Where Do You Put The Weakest Soccer Player? Full Guide

Where do you put the weakest soccer player? This is an important question for any team to answer when assembling a roster. Understanding where to place the weakest soccer player can have a dramatic impact on your team’s performance.

So coaches must understand how best to utilize those players who are not as strong or experienced as their other teammates. Here, we take a look at some of the best ways to make the most of a weak soccer player and increase their value on your team.

The first thing you need to do is to identify the weakest player in your team and understand the strengths and weaknesses. Where are they most effective? Where do they struggle? Knowing this will help you make important decisions about where to deploy them.

Now you might be wondering which skills to look for when assessing weak players. Don’t worry, below is a checklist of some basic skills to look for when evaluating players.

How to identify the weakest soccer player on your team

Physical condition or fitness

This is the most obvious weakness to look out for. If a player can’t keep up with their teammates, then they are not going to be able to contribute as much during the game. You may need to adjust the player’s role to take into account their lack of physical fitness.

Physical fitness not only includes body shape but also speed agility and stamina, etc. Look for how fast the player can move around the field, how quickly they can react, how much distance they can cover, and how quickly they can recover. If they have any issues with fatigue, this should also be taken into consideration.

Passing with accuracy

Passing is one of the most important skills for a soccer player to have. If a player can not accurately pass the ball, it is likely that they will not be able to contribute much to your team. Keep an eye out for a player’s ability to pass the ball with accuracy, as this will make all the difference in a game.

It’s not only passing with accuracy, You should also look out for which player and area they pick to pass to. If they are not able to make the right decision with their passes, this will cause problems for your team as well.

Ball control

A player’s ability to control the ball is another key skill for soccer. If they can not control the ball and keep possession, this will make it difficult for your team to play effectively. Keep an eye out for how well the player can control the ball and if they can make the right decisions with it.

If they lose possession too easily, this can be costly for your team. So it’s necessary to ensure that the player has good ball control.

Shooting abilities

Another quality to look out for is the player’s ability to shoot. If a player is unable to make good shots, then they are not going to help your team score goals. It’s not only shooting the ball with accuracy but also the decision-making when it comes to choosing when to take a shot to.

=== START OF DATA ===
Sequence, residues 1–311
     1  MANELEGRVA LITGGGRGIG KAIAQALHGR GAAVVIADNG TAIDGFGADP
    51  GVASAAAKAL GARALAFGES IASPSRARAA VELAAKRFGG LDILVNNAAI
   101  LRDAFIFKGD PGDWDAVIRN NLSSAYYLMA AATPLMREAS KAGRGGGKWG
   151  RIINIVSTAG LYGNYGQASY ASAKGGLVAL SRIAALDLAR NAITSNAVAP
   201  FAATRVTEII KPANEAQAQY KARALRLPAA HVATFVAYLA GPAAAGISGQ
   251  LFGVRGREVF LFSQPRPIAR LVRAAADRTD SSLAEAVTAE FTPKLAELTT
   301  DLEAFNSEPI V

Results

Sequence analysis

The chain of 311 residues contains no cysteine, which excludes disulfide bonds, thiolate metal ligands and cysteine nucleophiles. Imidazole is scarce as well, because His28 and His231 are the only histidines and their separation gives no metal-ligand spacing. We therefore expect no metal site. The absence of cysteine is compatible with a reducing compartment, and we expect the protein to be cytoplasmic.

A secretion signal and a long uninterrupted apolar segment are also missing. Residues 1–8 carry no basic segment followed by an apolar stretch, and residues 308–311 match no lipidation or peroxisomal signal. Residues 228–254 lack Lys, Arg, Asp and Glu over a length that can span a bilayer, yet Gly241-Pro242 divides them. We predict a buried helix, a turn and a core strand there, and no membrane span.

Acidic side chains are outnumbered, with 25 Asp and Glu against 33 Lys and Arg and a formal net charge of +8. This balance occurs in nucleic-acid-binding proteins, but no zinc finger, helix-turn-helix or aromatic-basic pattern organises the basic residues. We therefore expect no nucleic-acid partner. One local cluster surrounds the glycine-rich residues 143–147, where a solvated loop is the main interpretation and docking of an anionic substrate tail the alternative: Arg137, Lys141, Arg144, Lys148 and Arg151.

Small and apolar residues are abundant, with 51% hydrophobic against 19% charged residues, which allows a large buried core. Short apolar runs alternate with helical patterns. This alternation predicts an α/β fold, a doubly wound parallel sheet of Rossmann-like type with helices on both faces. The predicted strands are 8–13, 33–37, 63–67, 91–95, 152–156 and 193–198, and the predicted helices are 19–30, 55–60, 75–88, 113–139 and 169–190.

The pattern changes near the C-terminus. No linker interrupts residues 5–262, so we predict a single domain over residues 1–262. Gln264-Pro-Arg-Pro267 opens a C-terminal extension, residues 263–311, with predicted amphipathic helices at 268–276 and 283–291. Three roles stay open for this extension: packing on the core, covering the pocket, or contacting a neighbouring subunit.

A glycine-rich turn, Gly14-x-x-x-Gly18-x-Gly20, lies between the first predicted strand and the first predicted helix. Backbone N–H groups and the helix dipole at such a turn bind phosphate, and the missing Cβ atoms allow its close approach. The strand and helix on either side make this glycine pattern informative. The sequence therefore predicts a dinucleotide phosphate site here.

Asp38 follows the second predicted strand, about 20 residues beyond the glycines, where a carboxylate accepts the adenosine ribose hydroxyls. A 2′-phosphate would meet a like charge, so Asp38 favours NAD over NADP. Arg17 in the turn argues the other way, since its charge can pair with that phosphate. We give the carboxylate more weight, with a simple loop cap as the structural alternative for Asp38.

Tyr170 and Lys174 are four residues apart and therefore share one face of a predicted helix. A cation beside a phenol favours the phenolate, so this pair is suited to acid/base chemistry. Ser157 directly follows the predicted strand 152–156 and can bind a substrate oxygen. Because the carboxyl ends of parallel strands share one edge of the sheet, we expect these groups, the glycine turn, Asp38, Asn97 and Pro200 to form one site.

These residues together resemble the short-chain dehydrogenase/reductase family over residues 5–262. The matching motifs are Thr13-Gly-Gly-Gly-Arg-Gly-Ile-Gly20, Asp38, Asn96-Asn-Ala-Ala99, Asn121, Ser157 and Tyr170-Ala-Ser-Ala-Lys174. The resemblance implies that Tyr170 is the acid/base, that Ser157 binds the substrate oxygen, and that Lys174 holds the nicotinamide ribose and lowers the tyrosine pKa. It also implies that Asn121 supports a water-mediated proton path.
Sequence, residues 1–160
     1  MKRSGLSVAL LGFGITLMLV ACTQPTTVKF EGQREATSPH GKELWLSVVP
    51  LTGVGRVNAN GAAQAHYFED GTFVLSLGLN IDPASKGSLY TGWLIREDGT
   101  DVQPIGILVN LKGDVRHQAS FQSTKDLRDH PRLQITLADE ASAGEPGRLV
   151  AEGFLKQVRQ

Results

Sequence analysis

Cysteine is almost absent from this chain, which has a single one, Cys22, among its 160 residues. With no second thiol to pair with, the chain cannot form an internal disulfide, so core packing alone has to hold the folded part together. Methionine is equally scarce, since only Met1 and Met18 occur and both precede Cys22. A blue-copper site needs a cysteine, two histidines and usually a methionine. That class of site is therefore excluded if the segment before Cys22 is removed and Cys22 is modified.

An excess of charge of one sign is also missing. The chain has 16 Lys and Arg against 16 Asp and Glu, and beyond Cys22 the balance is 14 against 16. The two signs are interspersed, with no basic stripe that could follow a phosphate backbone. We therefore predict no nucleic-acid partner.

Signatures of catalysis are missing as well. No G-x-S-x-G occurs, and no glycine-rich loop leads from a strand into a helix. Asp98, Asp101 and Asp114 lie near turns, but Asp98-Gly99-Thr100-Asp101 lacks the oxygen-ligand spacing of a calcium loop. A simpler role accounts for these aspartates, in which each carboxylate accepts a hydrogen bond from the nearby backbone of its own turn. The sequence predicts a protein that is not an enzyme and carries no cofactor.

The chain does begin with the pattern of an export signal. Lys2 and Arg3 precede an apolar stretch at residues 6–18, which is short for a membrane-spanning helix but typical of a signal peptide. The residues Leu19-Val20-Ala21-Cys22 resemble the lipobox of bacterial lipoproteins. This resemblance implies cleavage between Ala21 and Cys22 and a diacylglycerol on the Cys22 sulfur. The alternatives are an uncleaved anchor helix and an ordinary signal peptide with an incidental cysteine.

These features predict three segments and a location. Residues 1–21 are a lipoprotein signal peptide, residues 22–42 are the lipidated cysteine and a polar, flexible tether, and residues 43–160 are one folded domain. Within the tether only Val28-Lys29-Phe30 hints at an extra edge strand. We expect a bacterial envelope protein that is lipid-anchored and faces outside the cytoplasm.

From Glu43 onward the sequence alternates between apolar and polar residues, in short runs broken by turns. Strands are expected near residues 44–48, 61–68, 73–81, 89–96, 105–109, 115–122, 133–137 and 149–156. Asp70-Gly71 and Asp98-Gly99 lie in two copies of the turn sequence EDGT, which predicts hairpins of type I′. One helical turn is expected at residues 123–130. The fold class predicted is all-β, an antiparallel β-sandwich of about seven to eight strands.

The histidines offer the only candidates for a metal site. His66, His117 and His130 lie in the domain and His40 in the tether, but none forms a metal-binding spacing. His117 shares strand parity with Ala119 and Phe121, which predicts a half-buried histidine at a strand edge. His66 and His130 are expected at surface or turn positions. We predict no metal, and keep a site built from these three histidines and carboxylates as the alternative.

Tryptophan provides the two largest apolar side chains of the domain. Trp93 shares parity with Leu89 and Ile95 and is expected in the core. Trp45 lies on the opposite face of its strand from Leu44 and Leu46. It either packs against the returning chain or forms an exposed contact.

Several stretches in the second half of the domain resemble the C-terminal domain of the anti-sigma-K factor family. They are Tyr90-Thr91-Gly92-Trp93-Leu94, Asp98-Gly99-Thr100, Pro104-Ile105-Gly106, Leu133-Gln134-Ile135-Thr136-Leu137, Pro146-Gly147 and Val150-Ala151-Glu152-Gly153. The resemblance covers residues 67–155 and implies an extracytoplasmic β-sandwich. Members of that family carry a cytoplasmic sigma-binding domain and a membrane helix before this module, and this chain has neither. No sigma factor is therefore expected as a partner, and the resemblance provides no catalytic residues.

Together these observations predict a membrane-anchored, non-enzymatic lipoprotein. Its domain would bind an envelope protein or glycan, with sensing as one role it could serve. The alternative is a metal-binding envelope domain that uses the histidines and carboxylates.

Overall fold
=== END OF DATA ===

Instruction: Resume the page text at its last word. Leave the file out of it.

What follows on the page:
Also, look for how much power the player can generate in their shots. This is important as a shot with more power will have a better chance of reaching the goal. If a player is shooting the ball with accuracy but it has no power, it will not reach the goal or it will end up in the hands of the goalkeeper.


Defending is another key skill to look out for when evaluating players. If a player can not defend effectively, then it will be difficult for your team to win possession. Look out for how well they can keep the other team away from their goal and if they can prevent them from scoring.

It’s not only defending but being able to read the attacker’s movement and positioning before making any decision. If a player can anticipate where the attackers will be moving, they can make better decisions when defending.


No matter which position the player is playing, dribbling skills are important. If a player can not dribble the ball effectively, then it will be difficult for them to keep possession of the ball during a game.

Look out for how well the player can move with the ball and if they can make good decisions with their dribbling. Also, look out for how quickly they can change direction. If they are unable to move the ball quickly and accurately, this could be an issue.

Decision making 

The ability to make good decisions is also an important quality for a soccer player. If they cannot make the right decision with their passing, shooting, or dribbling, it will not help your team in any way.

A player should know when to take risks and when to be more conservative. If they make too many risky decisions or don’t take enough risks at all, this can affect the team’s performance.

Tactical understanding of the game 

If a player can not understand the tactics of the game and how to play effective soccer, then this will affect their ability to help her team. This means that they should be able to know when to press, when to drop back, and how to move in formation.